Gifts of ecologically sensitive land

June 22, 2023 | Gwenyth Stadig, Sarah Hallman-Krul

Gifts of private land are becoming increasingly important to the preservation of Canada’s environmental heritage. The federal Ecological Gifts Program (the “EGP”) provides a way for Canadians who hold ecologically sensitive land to simultaneously protect nature for future generations and attract favourable tax consequences. This article briefly addresses the benefits, requirements and risks of donating ecologically sensitive land.

Benefits of Donation

Two sections of the Income Tax Act (Canada) (the “ITA”) govern gifts of ecologically sensitive property. Subsection 118.1(1) of the ITA governs gifts for individuals, while subsection 110.1(1) governs gifts for corporations. In Quebec, the process is also governed by the Quebec Taxation Act (Quebec). If the requirements are met, corporate donors may deduct the amount of their ecological gift directly from their taxable income. An individual donor receives a non-refundable tax credit. In addition, the tax payable on a capital gain arising on a qualifying ecological gift is reduced to nil. There is currently a ten year carry-forward period for claiming these benefits.

Process for Donation

Gifts of ecologically sensitive property can be a useful tax reduction tool when made by inter vivos or testamentary disposition, but each method has its own considerations to keep in mind. When making an ecological gift inter vivos, the donor may lose their personal use of the land following donation. Another consideration for an inter vivos donation is the importance of a well-drafted gift agreement. Testamentary gifts on the other hand provide the donor with lifelong use of the property, but create complexities in the donor’s estate. When making an ecological gift by will, ensure the donor’s estate plan contemplates the steps that will need to be taken by their executor in connection with the gift. If the gift is made as a consequence of the death of the donor then it will qualify for the nil capital gains inclusion only if made by a graduated rate estate. It can be difficult to complete the ecological gift process within the limited time frame of a graduated rate estate (see “Testamentary charitable giving and the graduated rate estate: A refresher” by Elena Hoffstein).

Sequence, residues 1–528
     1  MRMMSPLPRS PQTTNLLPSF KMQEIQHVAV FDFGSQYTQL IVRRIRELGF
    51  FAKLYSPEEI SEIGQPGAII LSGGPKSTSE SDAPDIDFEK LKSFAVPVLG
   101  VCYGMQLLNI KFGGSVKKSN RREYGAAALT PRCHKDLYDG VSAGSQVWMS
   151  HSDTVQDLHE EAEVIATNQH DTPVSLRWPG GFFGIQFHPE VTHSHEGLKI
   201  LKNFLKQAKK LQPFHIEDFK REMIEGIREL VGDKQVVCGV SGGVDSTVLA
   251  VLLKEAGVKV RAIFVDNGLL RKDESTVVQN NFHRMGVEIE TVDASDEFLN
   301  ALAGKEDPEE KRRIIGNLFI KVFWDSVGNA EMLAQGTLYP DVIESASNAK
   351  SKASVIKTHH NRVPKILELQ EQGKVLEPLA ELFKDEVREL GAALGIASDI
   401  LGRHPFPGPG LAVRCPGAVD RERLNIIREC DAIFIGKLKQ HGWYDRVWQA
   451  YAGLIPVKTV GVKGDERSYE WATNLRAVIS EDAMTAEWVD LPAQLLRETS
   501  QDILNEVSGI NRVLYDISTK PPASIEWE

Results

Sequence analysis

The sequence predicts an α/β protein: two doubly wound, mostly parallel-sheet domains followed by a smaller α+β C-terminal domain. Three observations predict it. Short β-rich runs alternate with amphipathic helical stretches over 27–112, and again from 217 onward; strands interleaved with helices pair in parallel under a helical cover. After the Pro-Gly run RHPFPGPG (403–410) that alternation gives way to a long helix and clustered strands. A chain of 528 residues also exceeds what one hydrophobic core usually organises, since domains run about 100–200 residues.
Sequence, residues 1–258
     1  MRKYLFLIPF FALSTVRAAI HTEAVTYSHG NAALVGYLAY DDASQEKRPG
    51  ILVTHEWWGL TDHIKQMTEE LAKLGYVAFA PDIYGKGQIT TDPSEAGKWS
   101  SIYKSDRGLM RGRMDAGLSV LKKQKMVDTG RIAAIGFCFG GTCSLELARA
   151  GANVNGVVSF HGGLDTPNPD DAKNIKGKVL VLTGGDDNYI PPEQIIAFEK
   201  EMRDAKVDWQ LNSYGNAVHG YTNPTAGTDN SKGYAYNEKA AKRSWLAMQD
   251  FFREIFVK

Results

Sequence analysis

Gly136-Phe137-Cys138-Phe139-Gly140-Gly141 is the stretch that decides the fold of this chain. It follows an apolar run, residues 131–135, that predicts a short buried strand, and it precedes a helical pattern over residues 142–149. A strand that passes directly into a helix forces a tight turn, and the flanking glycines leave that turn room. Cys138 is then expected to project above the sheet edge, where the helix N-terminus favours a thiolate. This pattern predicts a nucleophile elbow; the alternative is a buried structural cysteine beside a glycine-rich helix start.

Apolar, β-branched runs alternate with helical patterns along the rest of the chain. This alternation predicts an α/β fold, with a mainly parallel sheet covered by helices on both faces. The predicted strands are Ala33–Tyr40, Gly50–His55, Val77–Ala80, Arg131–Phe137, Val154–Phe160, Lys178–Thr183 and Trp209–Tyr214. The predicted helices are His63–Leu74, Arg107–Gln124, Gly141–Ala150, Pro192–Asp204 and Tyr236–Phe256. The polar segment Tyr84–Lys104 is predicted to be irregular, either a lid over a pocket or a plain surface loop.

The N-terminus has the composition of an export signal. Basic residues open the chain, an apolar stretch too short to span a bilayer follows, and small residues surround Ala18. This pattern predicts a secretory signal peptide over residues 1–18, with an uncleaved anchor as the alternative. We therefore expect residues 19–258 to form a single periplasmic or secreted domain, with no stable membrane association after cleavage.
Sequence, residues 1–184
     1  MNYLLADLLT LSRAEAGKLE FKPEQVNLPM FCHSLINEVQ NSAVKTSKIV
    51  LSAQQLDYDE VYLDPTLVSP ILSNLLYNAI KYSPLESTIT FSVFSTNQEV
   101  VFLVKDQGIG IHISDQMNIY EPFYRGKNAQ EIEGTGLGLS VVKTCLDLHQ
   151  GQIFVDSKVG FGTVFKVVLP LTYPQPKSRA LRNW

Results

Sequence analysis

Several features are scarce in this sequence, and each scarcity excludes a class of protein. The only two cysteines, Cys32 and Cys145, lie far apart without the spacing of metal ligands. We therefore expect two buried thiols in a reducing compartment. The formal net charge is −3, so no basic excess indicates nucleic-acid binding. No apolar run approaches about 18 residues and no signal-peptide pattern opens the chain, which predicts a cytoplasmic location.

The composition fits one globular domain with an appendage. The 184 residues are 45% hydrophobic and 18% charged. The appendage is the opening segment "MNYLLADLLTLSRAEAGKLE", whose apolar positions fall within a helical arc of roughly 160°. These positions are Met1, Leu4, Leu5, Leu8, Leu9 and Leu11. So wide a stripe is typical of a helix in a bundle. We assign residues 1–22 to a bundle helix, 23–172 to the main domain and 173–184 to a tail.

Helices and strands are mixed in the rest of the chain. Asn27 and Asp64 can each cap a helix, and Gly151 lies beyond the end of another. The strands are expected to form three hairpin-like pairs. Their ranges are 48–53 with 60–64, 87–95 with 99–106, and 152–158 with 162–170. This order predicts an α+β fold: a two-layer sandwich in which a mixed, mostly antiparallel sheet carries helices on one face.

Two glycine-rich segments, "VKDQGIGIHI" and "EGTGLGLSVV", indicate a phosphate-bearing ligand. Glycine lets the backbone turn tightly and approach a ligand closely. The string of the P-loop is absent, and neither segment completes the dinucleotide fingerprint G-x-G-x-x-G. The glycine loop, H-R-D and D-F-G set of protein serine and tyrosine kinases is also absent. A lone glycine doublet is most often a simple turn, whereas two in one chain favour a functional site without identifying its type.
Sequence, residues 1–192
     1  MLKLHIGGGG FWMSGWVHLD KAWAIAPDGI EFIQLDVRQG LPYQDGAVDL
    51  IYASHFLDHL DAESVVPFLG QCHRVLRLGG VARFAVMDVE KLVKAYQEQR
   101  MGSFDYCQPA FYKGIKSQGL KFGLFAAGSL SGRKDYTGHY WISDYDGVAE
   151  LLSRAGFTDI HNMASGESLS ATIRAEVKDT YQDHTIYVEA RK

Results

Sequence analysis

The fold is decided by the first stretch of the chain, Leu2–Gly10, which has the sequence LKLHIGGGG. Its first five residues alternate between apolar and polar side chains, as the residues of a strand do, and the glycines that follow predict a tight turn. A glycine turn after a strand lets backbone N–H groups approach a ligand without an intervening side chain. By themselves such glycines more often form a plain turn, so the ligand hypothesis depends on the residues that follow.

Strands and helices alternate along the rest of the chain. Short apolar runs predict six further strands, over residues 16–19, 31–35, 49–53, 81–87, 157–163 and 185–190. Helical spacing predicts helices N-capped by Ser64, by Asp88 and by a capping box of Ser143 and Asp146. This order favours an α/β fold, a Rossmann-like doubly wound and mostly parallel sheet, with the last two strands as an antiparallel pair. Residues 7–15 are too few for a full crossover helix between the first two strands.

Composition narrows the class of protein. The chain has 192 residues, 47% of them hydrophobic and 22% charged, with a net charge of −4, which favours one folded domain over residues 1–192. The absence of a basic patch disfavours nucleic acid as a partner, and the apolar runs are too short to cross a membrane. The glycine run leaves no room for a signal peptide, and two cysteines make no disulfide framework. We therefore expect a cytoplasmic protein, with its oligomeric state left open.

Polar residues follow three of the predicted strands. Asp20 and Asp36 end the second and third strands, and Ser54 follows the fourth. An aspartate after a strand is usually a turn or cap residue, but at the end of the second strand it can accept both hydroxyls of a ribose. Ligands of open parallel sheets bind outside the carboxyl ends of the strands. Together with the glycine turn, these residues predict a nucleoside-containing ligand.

In order for donors to receive the tax benefits from such donations, there are three main requirements. The land must (i) be donated to an eligible recipient, (ii) be certified as “ecologically sensitive land” by the federal Minister of Environment and Climate Change (the “Minister”) and (iii) obtain a certified fair market value from the Minister.

In Quebec, the ecological gift process is the joint responsibility of the federal government and the provincial government. The Ministère de l’Environnement, de la Lutte contre les changements climatiques, de la Faune et des Parcs (“MELCCFP”) is responsible for certifying the eligible recipient and the land’s ecological value, while Environment and Climate Change Canada certifies the fair market value of the land.

1. Donation to Eligible Recipient

The ecologically sensitive land must be given to the federal government or a provincial government, a municipality, a municipal or public body performing a function of government, or a registered charity. In the case of a registered charity, the charity must be designated as either a public foundation or charitable organization that has a charitable purpose that aligns with conservation of the environment. Importantly, private foundations cannot be eligible recipients.

2. Certification of “Ecologically Sensitive Land”

Pursuant to subsections 118.1(1)(a)(ii) of the ITA, land that is the subject of an ecological gift must be:

“…certified by that Minister, or by a person designated by that Minister, to be ecologically sensitive land, the conservation and protection of which is, in the opinion of the Minister or the designated person, important to the preservation of Canada’s environmental heritage.”

The donor must apply to the Minister or a delegated authority for this certification. The donor, often in partnership with the recipient, collects required information and submits it to its regional EGP coordinator or a delegated certification authority. In the Province of Quebec, the delegated authority is MELCCFP. Contact information for regional EGP coordinators is available on the Government of Canada website. There is currently no formal application form, but the Ministry provides a list of information on its website. Certain provinces have additional unique requirements, so it is important to review the criteria for the relevant jurisdiction by contacting its regional EGP coordinator, or MELCCFP in the case of Quebec.

Potential tax benefits are available for gifts of land or eligible interests in land, depending on the province. In the case of land in Quebec, eligible interests in land include a personal servitude or a real servitude.  Outside of Quebec, eligible interests include covenants and conservation easements. Put simply, how title to the real property composing the potential gift is not the most relevant nor important to the Minister’s assessment of the application. Instead, in order to qualify all ecologically sensitive lands must be found to be significant to the conservation of Canada’s biodiversity and environmental heritage. In making this assessment, the Ministry considers the current environment value but also the potential future environmental value of the land. Currently, the Minister makes this determination based on the following criteria: